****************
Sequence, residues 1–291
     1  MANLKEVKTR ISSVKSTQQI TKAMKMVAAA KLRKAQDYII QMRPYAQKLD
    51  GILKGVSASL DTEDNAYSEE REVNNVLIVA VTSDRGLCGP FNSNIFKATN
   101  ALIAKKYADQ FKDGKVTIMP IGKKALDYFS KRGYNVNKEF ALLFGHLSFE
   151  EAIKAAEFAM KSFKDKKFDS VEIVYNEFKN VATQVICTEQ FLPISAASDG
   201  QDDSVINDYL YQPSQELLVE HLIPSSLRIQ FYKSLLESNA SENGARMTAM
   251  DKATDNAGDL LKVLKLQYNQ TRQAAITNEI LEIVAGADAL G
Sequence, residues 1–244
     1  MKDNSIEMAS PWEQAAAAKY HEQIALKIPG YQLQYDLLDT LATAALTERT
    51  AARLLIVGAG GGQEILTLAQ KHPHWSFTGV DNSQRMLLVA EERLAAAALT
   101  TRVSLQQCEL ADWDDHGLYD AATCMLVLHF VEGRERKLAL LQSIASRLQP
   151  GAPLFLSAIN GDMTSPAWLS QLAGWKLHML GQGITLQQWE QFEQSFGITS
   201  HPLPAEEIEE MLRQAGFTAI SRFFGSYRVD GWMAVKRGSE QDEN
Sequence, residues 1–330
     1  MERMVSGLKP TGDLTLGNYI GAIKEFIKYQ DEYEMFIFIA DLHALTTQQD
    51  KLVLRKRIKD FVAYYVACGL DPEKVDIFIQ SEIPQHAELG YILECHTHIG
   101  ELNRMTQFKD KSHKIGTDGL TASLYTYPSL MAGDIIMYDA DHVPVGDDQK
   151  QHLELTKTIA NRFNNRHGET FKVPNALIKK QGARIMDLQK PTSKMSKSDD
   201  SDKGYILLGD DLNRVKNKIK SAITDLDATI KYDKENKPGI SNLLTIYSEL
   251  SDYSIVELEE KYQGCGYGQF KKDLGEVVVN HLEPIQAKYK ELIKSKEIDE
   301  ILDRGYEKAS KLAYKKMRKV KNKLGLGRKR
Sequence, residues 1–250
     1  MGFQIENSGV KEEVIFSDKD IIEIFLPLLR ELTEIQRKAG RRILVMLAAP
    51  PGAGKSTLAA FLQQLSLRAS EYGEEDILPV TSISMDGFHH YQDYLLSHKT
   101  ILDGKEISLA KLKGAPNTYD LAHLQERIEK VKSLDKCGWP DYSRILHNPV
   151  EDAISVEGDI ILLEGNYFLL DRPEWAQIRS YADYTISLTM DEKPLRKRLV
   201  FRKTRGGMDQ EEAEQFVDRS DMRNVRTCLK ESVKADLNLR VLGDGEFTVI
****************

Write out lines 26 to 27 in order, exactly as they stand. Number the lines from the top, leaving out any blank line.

   151  EDAISVEGDI ILLEGNYFLL DRPEWAQIRS YADYTISLTM DEKPLRKRLV
   201  FRKTRGGMDQ EEAEQFVDRS DMRNVRTCLK ESVKADLNLR VLGDGEFTVI